The Bunder Fainting Goats (SCR) is the most commonly kept breed of goat in India and Africa. They weigh up to 55 kg and can be grey, black, or white with patches of coloured skin. They are used for dairy production but can also be used for meat.
The Dhund Gazelle Goat (Hyderabad) is a rare breed that originates from Hyderabad, Telangana state in southern India. These goats have a pygmy body type and a long fleece which makes them excellent at warmth insulation and water collection. The Dhund Gazelle Goat can reach weights up to 190 kg!
Buckram Goats (Kerala) are lightly built goats that are reddish brown in colour with distinctive black markings across their heads and shoulders. Their horns grow slowly so they’re not typically hunted for their horns – they’re mainly used as dairy goats within Kerala due to their hardiness and prolific milk production.
Lake Sindhu Angora Goats (Uttar Pradesh) come from the cold mountainous regions near Mount Abu in Uttar Pradesh state in northern India where it gets very cold winters (-5C to -15C). Because Lake Sindhu Angora Goats thrive in these conditions they have extremely heavy wool coats – up to 2kg per animal – which makes them one of the warmest types of goat out there!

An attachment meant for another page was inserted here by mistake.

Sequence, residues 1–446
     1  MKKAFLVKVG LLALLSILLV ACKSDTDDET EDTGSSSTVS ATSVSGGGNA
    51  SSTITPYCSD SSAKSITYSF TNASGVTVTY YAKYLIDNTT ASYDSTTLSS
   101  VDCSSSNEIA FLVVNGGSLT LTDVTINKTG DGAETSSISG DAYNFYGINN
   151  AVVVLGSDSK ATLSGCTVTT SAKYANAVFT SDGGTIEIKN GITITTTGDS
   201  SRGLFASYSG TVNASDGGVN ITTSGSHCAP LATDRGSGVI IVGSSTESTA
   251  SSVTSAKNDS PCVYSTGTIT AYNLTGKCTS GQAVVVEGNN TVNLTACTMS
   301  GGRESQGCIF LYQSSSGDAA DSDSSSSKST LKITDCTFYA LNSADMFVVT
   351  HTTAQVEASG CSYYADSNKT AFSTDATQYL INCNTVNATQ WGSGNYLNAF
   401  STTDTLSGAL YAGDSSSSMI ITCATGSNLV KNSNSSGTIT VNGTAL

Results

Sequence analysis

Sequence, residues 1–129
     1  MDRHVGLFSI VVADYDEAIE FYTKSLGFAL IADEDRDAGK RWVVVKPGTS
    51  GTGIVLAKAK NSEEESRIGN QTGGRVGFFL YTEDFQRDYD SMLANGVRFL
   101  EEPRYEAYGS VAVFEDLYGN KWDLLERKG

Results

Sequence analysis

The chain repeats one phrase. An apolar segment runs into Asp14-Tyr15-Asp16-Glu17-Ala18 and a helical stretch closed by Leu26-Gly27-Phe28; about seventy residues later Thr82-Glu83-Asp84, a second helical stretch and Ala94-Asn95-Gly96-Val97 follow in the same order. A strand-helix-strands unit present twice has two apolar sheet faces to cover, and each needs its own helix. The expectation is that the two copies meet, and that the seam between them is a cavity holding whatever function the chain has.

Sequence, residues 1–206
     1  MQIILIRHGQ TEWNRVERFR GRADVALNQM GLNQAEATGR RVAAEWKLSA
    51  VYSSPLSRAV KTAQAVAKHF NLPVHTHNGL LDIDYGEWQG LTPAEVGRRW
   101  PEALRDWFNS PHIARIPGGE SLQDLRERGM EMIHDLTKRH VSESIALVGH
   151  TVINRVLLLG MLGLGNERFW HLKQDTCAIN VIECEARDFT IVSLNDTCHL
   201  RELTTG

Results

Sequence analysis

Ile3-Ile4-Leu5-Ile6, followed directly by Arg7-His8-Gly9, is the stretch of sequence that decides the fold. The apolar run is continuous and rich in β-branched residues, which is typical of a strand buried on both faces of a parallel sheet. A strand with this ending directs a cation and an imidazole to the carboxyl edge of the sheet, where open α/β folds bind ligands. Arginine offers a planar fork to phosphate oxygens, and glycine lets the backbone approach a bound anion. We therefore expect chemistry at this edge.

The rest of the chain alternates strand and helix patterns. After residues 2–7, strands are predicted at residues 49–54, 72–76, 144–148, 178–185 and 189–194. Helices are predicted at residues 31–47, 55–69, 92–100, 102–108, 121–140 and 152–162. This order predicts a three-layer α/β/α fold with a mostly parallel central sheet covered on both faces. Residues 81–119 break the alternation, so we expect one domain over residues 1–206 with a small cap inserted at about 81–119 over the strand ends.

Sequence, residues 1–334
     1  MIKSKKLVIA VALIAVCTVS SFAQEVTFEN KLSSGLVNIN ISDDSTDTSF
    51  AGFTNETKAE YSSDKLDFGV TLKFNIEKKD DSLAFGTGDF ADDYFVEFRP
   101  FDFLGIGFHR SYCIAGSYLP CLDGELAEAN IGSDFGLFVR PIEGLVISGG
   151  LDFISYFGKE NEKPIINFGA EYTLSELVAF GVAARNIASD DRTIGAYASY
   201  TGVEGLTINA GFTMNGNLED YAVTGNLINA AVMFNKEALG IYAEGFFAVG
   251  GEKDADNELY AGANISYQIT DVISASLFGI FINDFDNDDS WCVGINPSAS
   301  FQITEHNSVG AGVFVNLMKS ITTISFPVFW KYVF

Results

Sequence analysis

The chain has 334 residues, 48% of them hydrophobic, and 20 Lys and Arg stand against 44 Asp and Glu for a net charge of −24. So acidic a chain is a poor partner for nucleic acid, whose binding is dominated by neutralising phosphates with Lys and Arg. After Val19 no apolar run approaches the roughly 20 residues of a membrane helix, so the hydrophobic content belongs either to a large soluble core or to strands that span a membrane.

Let’s take a closer look…
The Angora Goat – This breed is known for its exceptionally soft, silky hair and is commonly used in the knitting industry. Reports suggest that adult Angoras can typically survive on average between 10 and 12 years old.
The LaMancha Goat – This gentle livestock breed is considered by many to be one of the best milk producers available. They are also known for their long lifespan (upwards of 20 years), stout build, and resistance to diseases and parasites common in goats.
Scandinavian Red Cross Dairy Goats – These highly versatile goats are used extensively around the world as dairy animals, meat producing animals, or draft animals. Belonging to the Fiqhia Ismaili sect of Islam, these goats are particularly noted for their resilient immune system which helps them resist disease even during periods when other goat populations are more susceptible to infection.
ibex goats do not actually fall because of their height
ibex goats do actually fall because of their weight
ibex goats do actually fall because their hooves are too short to grip the ground.
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